E – Endure.  Living a Christlike life will always have its share of challenges, including outright opposition.  Jesus calls for us to live for Him and be prepared to face any adversity because He will keep us through the entire process.  He simply calls for the believer to stand in Him and His promises.  These are all within the process of his sanctification of the believer (Galatians 6:9-10; Ephesians 6:16-19; Matthew 10:16-22; Colossians 1:11-12).

I have given emphasis to this personal development in Sunday school class and in a number of seminars that I have hosted over the past few years, and I have posted these teachings online through our church website.  I am grateful for God’s vision as to how to not only proclaim the message of the gospel of Jesus Christ, but to also provide strength and encouragement to believers in Christ, for these are the people that ultimately must stand and make a declaration of the saving power of Christ in a lost world.

 

XI.  The relationships between sanctification and Christian service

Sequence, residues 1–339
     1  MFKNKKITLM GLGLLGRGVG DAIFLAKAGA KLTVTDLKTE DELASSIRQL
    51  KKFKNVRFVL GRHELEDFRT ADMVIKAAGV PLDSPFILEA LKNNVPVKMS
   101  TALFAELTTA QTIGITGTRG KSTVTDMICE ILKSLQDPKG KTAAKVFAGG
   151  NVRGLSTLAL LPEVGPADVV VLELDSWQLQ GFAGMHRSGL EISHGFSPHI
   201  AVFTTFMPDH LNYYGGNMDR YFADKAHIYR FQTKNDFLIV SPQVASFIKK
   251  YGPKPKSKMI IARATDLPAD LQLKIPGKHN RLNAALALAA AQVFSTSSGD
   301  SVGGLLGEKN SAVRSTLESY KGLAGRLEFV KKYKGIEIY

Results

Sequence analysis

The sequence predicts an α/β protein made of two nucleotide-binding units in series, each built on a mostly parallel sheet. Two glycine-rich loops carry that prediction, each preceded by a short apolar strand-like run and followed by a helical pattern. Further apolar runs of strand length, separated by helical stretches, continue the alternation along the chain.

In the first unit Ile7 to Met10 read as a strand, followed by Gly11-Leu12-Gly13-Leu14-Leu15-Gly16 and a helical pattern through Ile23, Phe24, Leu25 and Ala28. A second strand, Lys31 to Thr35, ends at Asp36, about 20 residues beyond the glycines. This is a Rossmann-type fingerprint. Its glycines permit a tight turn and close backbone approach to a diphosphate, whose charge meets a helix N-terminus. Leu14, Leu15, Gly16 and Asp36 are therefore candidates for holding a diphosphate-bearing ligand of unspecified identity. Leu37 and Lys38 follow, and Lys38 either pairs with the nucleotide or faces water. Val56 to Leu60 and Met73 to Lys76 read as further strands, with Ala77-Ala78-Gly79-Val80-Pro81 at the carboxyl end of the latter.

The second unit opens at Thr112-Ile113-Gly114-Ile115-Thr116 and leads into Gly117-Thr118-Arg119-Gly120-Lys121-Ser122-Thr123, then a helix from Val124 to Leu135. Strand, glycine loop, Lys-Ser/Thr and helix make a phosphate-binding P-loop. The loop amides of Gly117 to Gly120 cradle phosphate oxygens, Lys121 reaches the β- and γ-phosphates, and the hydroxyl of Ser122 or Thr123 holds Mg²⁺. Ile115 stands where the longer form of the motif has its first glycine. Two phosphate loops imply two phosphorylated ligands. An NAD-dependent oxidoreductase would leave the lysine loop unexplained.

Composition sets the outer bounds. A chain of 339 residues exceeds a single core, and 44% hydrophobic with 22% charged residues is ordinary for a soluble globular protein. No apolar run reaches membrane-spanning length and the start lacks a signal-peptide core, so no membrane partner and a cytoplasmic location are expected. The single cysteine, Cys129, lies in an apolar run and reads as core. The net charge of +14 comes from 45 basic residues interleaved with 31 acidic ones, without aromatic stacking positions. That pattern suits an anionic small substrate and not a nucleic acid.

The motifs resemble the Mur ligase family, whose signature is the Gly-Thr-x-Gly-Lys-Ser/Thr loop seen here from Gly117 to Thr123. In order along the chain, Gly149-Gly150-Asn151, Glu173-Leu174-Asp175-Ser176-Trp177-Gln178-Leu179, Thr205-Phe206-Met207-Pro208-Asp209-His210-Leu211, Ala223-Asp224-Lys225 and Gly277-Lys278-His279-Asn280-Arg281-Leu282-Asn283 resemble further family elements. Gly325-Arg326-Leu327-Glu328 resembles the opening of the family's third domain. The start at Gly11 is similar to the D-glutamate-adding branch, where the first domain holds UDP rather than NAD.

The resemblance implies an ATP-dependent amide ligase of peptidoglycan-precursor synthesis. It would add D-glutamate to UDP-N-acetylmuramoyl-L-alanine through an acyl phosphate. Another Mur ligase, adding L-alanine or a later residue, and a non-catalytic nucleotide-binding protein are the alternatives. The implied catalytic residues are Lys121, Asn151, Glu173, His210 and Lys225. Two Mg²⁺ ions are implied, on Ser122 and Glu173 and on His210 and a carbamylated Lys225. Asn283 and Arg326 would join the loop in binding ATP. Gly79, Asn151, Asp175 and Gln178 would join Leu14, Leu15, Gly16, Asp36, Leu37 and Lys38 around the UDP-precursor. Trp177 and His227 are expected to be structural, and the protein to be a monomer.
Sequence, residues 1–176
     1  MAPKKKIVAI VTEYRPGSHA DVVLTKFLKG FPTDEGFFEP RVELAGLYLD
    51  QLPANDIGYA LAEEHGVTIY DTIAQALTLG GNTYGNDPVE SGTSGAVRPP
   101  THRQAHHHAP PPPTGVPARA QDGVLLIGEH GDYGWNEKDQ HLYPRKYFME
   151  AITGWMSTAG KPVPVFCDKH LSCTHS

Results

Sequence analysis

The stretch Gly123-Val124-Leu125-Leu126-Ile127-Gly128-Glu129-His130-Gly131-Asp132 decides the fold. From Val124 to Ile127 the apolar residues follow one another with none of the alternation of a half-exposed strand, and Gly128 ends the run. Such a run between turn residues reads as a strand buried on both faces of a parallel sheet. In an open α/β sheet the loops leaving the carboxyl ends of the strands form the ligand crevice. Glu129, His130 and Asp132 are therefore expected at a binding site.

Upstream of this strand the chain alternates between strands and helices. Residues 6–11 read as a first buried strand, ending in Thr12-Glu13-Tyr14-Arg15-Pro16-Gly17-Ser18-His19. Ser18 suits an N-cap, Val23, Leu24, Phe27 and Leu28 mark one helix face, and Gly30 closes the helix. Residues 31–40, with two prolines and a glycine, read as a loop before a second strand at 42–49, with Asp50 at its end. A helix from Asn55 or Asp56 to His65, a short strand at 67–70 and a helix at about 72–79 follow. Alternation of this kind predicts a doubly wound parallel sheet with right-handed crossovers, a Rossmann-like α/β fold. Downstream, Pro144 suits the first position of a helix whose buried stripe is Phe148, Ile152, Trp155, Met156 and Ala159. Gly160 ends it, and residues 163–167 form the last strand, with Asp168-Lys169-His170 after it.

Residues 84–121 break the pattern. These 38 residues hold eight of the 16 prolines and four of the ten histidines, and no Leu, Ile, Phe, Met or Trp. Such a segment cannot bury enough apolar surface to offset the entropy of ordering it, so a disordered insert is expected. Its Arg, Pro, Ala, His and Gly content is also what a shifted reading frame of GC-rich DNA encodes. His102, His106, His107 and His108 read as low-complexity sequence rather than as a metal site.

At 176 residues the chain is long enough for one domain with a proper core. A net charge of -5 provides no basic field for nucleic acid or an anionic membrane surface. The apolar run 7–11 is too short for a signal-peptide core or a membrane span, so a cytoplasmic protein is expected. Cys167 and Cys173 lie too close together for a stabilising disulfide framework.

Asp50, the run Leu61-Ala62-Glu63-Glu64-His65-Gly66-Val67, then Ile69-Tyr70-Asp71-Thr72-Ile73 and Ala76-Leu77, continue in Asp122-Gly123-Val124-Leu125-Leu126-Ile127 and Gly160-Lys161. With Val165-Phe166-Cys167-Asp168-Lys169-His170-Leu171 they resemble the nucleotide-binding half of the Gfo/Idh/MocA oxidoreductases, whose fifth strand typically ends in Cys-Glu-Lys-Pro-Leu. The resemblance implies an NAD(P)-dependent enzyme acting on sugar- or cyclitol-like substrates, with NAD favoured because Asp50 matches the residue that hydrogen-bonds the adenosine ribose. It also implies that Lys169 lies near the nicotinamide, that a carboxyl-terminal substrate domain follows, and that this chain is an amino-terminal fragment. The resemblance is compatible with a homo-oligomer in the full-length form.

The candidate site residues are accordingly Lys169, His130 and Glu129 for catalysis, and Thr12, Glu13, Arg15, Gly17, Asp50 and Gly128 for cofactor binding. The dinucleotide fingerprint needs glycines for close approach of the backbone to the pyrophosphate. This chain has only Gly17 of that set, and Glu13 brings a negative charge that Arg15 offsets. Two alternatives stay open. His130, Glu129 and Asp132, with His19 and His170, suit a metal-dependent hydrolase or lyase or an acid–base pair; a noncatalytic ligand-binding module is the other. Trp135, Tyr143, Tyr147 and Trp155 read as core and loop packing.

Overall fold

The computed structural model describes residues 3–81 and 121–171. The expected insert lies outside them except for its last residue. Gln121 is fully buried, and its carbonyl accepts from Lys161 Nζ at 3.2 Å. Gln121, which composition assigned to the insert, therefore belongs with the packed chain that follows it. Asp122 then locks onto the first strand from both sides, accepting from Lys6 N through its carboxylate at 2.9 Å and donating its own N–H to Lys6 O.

The process of the sanctification gives the believer the desire to serve Jesus Christ.  While sanctification is a process that moves the believer away from fulfilling his own desires or conforming to the world, it also gives the believer the impetus to live in a Christlike manner, remain obedient to Christ and also reach people who are lost by taking part in His Great Commission.

A. B. Simpson described one of the effects of sanctification:

“Sanctification means dedication. It is not only to separate from but to separate to. The radical idea of the word is, set apart to be the property of another. And so the  complement of this act which we have already partly described is this positive side in which we offer ourselves to God for His absolute ownership, that He may possess us as His peculiar property, prepare us for His purpose and work out in us all His holy and perfect will” (Simpson, p. 5-6, n.d.).

As a believer is sanctified and presents himself before others as sanctified, there is an ongoing preparation to get to work for Him in order to carry out His will:

“Therefore, brothers, by the mercies of God, I urge you to present your bodies as a living sacrifice, holy and pleasing to God; this is your spiritual worship. Do not be conformed to this age, but be transformed by the renewing of your mind, so that you may discern what is the good, pleasing, and perfect will of God” (Romans 12:1-2).

This spiritual worship is whatever God would have the believer to do in whatever place or position the believer is in.  He desires to be obedient to God by living according to His will and purpose before others.  The sanctified believer is empowered by the Holy Spirit to perform this reasonable service, and its purpose is to glorify God before others: